This seems to have been the question that has been asked since the Member for Birmingham Yardley took the decision to name Ryan Giggs as the subject of the much discussed High Court injunction, in the Commons on Monday. Surely the real answer is ‘neither’?
Hemmings was simply doing his job; reflecting public opinion in the face of an already farcical situation, growing more and more ridiculous by the hour.
I have no interest in what Ryan Giggs may or may not get up to in his spare time. Equally, I have little sympathy for him, aside from the vast amount of money he has spent on what must qualify as some of the worst legal advice in history.
This case simply represents the wider issue. Giggs is a populist story which has captured the public imagination in a way that something like Trafigura didn’t. A sad indictment perhaps, but that’s really neither here nor there. I certainly don’t for one minute think that The Sun are being selfless in any way here, but it has put the issue in the public consciousness.
The nature of these injunctions (and it’s worth pointing out that this is simply an anonymised injunction, not a ‘supeinjunction’) is certainly troubling. I am not a proponent of unlimited free speech; there has to be limits, and it certainly must be balanced against the right to privacy. The current balance certainly isn’t right.
In the Giggs ruling, Mr Justice Eady’s judgement contains details of what he considered to be blackmail, and cites this as a key reason for the granting of the injunction. That makes the issue a criminal one and should be treated as such. Yet, thanks to this injunction, we have a situation where Imogen Thomas is unable to defend herself against those allegations, either in court, or in public. This hardly seems fair. Allegations of blackmail are considerably more serious than allegations of infidelity, yet where is her protection?
We also have the situation involving Giles Coren. It looks like nothing will come of the weekend stories that Coren was potentially facing action for revealing the subject of a different injunction. However this gives us another potential conflict between injunctions and what we expect from our legal system. In the case of someone facing a contempt charge for breaking an injunction, how would the terms of that injunction be varied for the purpose of that trial? If not, how could the defendant expect a fair trial without full disclosure of the facts contained in the injunction?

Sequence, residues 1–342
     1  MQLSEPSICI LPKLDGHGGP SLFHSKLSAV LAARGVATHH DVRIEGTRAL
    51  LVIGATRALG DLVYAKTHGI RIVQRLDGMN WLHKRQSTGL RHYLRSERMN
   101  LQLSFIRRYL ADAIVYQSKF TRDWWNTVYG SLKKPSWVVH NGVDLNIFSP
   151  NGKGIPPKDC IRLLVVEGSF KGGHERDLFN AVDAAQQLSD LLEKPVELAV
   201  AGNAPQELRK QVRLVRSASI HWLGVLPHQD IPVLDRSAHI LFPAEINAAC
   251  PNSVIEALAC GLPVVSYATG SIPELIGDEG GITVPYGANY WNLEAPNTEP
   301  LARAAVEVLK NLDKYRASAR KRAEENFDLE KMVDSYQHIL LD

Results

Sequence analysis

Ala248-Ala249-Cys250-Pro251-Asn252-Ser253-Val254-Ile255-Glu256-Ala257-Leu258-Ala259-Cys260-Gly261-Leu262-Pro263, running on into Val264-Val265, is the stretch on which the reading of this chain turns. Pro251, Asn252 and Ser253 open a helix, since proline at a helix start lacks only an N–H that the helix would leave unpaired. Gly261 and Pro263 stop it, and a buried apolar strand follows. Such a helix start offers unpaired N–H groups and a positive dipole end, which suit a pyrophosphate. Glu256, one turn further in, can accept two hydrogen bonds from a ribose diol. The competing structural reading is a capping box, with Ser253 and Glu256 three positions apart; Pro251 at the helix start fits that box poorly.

In the case of a superinjunction – where the existence of the injunction cannot even be revealed – the potential is even more chilling. The logic would dictate that someone inadvertantly breaking one of these injunctions would have to be tried and sentenced in complete secrecy, for the injunction to be maintained. The actions of a totalitarian state.
Now, of course I accept that the above scenarios are sensationalist. However, such extremes, even if unlikely, do not mean that the degrees leading up to them are much more palatable. The extremes simply go to demonstrate how in conflict such injunctions are with what we expect of our legal system and with our rights as individuals in a liberal society. Superinjunctions effectively hides the judiciary themselves from public scrutiny. This cannot be good.
I don’t know exactly what Hemming’s motives were for specifically naming Giggs, other than what he has since said on his own blog. Whether he was right or wrong to do so, if his actions help lead to a serious look at privacy and freedom of speech at the highest levels, then perhaps it is a case where the potential ends do justify the means.